Study: The location and amount of land on the planet’s surface can have a significant impact on its habitability

University of Toronto astronomer Evelyn Macdonald and her colleagues have identified substantial differences in surface temperature, sea ice, and water vapor at the surface of an exoplanet for different Earth configurations.

macdonalds et al. show that the amount of land and its configuration can have a large effect on the surface conditions of an exoplanet. Image credit:

Many exoplanets are tidally locked to their stars, so one side of the planet always faces outward.

This creates permanent day and night sides of the planet where all energy received from the star is focused on the day side.

For a planet to support life, the climate must be somewhat regulated on the surface: the atmosphere and the oceans must redistribute part of the energy received from the star towards the night side of the planet.

In the new research, Macdonald and his co-authors developed a new 3D climate model, named ExoPlaSim, and used it to systematically vary daytime land cover on an Earth-like planet under two extreme and opposite continental configurations.

The first configuration is a circular continent in the middle of the dayside surrounded by the ocean.

The second configuration is the opposite: a circular ocean in the middle of the dayside with land everywhere else.

In both cases, the size of the circle has been changed to demonstrate how the planet’s climate depends on the fraction of land for each of these continent configurations.

Among other things, the habitability of a planet depends on its surface temperature and the amount of moisture in its atmosphere.

The authors modeled net precipitation, cloud fraction, and surface temperature on the dayside of the planet for different land configurations.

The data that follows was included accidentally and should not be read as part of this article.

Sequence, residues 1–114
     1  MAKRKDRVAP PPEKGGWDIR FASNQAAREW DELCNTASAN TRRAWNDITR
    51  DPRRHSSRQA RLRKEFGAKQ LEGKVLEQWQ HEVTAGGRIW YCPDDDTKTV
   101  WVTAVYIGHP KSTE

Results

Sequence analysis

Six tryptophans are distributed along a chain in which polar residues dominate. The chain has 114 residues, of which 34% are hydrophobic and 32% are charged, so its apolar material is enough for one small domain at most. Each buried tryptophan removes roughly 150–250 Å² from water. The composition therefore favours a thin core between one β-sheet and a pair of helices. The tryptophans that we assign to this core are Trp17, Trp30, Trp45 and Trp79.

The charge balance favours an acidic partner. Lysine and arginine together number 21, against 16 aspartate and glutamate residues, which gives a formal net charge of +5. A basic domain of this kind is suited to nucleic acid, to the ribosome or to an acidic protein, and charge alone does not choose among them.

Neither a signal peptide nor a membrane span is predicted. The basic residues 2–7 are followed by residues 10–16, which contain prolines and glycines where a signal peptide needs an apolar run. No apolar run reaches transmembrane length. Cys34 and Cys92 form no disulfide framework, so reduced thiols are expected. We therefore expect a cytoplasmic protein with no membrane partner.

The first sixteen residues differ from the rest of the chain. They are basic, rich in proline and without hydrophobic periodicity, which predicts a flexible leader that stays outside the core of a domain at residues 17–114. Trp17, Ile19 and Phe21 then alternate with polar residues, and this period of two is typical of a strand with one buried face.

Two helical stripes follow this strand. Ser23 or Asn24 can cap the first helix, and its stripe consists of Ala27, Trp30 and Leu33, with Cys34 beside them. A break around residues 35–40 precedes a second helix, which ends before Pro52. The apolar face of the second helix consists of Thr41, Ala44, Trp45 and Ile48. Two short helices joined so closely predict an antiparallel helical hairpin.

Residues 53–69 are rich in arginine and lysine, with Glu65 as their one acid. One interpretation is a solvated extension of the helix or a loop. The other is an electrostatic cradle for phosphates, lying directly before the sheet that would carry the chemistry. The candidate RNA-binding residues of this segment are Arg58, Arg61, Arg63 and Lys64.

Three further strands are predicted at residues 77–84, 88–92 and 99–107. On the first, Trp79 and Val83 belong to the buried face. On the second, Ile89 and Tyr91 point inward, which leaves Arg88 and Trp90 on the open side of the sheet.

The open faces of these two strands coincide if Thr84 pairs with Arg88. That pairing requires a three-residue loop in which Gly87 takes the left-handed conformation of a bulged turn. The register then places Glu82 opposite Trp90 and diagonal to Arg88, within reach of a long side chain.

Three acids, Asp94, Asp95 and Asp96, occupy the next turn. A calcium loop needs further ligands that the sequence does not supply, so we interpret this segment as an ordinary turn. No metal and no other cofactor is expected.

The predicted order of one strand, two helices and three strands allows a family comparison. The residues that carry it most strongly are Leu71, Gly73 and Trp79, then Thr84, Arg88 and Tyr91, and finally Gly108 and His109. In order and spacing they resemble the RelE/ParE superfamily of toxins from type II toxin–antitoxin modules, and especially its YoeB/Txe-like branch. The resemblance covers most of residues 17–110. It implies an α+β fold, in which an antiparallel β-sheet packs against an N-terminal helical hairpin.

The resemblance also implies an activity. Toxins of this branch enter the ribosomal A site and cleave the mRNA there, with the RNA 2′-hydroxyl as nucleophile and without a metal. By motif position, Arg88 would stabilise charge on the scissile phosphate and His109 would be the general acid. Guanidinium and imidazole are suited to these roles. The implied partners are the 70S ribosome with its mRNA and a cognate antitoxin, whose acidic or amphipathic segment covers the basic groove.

Their results show that the amount of land and its configuration can have a large effect on the planet’s surface conditions.

For models with similar land fractions but opposite configurations, the average surface temperature can vary by up to 20 degrees Celsius.

The results indicate that the amount of water vapor in the planet’s atmosphere is highly dependent on the area of ​​the ocean without ice on its surface.

Planets with high terrestrial fractions have hotter, drier daytime sides with clouds and precipitation mostly confined to small central areas.

“Knowing whether life exists elsewhere in the Universe is a key challenge for astronomy and science as a whole,” Macdonald said.

“Our work demonstrates that the distribution of land on an Earth-like planet has a large impact on its climate and should help astronomers observing planets with instruments such as the NASA/ESA/CSA James Webb Space Telescope to better interpret what they are. seer.”

The results appear in two articles of the Royal Astronomical Society Monthly Notices.


Evelyn Macdonald et al. 2022. Climate Uncertainties Caused by Unknown Land Distribution on Habitable M-Earths. MNRAS 513 (2): 2761-2769; do I: 10.1093/mnras/stac1040

Paradise Adiv et al. 2022. ExoPlaSim: extension of the planet simulator for exoplanets. MNRAS 511(3):3272-3303; do I: 10.1093/mnras/stac172

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